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There's a tug-of-war going on in Lemon Grove. Clutching one side of the rope is the city of Lemon Grove and at the other end is businessman Salvatore D'Anna and neighboring businesses that occupy a small commercial strip mall on North Avenue in Lemon Grove. If D'Anna and his neighbors win, the city has to drop the threat of seizing the property where his office and several small businesses are located, as well as any hopes of acquiring the neighboring storage facility next door. If the city yanks hardest, the multimillion-dollar project to realign the Lemon Grove Avenue exit ramp from highway 94 is on and an initiative to redevelop and improve the look of downtown Lemon Grove is one step closer.

Last year, the city made offers to buy the properties on North Avenue, but the owners rejected them. And now, the city hopes to seize them through eminent domain.

D'Anna says neither he nor the other tenants knew anything about the threat of eminent domain. "We heard rumors but nothing else," he says.

In December of 2009 those rumors turned to fact when D'Anna and the other tenants were served with a Motion for Order of Possession from the Lemon Grove Development Agency, which is composed of city councilmembers, for properties located between 7752 and 7756 North Avenue. According to court documents, the motion is set for hearing on March 19 at the county courthouse in El Cajon.

After receiving the notice, D'Anna, who is pursuing a degree in law, submitted a motion to be heard on the same day to quash the city's request to seize any properties.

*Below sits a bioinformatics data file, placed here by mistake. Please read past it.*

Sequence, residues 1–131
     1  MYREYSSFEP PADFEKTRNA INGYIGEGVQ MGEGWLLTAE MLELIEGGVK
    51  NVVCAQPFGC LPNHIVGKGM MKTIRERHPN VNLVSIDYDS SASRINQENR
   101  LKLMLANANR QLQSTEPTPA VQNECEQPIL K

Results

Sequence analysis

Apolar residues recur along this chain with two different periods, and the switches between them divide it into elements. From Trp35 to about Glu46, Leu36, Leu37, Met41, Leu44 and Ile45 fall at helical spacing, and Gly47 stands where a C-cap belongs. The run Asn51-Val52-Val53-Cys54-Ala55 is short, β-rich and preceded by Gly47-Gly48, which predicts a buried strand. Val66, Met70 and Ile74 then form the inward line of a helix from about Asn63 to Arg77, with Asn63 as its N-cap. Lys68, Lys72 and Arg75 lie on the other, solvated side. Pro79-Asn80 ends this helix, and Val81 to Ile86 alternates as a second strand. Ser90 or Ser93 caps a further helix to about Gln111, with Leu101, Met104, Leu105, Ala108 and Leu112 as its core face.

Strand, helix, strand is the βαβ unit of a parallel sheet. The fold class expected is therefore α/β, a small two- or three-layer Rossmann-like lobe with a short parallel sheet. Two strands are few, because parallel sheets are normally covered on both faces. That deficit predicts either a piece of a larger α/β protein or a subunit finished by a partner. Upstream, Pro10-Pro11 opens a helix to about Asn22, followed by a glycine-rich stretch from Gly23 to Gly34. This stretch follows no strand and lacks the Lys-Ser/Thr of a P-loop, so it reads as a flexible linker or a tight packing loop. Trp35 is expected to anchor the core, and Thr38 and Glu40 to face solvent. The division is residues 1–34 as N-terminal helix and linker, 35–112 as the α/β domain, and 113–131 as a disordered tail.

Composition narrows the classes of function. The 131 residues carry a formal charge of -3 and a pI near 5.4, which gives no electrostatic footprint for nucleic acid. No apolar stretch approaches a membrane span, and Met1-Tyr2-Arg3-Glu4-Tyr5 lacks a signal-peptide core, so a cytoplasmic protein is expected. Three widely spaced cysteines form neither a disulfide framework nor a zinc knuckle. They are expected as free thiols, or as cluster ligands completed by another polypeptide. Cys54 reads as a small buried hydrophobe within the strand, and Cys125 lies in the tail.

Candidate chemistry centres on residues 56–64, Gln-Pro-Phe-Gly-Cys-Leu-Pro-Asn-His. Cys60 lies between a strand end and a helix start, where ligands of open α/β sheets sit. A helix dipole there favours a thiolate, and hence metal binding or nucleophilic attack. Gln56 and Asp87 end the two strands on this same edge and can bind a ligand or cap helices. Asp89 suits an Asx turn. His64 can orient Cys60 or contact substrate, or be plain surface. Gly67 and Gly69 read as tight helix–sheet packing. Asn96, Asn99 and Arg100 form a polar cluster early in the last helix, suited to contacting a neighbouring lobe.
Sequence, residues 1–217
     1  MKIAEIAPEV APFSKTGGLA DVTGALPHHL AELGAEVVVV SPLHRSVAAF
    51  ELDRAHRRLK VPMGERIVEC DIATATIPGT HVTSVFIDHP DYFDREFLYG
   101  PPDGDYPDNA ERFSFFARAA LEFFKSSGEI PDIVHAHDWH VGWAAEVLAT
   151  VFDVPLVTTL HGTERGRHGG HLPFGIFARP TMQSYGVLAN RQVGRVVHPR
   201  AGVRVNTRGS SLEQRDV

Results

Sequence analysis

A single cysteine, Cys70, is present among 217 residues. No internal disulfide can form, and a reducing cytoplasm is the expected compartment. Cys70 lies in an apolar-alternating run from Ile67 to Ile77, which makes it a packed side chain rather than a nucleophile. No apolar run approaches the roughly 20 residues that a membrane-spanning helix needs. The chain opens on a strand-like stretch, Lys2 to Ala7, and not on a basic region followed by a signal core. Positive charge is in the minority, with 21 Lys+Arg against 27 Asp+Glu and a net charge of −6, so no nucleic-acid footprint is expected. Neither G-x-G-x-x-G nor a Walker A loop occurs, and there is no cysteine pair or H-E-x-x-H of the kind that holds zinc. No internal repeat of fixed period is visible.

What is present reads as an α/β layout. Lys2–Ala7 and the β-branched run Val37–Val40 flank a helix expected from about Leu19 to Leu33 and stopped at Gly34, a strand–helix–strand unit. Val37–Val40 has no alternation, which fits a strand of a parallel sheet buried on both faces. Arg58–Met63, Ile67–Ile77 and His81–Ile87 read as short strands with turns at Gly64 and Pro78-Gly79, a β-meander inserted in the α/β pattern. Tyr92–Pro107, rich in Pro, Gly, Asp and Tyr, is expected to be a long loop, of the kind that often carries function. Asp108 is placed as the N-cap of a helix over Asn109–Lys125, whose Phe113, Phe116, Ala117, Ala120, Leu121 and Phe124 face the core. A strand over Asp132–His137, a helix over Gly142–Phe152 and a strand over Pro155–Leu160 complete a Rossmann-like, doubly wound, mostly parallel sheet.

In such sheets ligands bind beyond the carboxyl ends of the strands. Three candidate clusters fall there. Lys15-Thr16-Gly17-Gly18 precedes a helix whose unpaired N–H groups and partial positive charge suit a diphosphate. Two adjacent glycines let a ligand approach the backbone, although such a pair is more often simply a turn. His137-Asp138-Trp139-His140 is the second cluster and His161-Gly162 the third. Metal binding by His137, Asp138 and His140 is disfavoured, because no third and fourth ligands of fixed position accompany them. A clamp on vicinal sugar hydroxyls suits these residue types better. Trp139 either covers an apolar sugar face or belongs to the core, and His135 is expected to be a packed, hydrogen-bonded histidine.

He believes city officials are using the highway realignment project as a ruse to seize the properties. In fact, says D'Anna, according to traffic studies the realignment project does not alleviate traffic but instead exacerbates freeway congestion, thus rendering the project unnecessary. D'Anna also feels the proposal does not have the "greatest public good" in mind.

"They want this property because they don't want it to be the first thing people see when coming into Lemon Grove," says D'Anna during a February 4 phone interview. He says that the redevelopment agency has never designated the area as a blighted area and because of that they cite the freeway off-ramp proposal as the basis for acquiring the properties.

From now until the March 19 hearing, D'Anna plans to compile all city documents on the issue, that is if the city provides him with those documents. Late last month, the city clerk's office contacted D'Anna stating that they do not have the "expertise or equipment" to provide him with copies of the documents he requested on a disc and that he needs to go down to city hall to wade through them in person.

To download a map of the downtown Lemon Grove redevelopment project area, go to ci.lemon-grove.ca.us.

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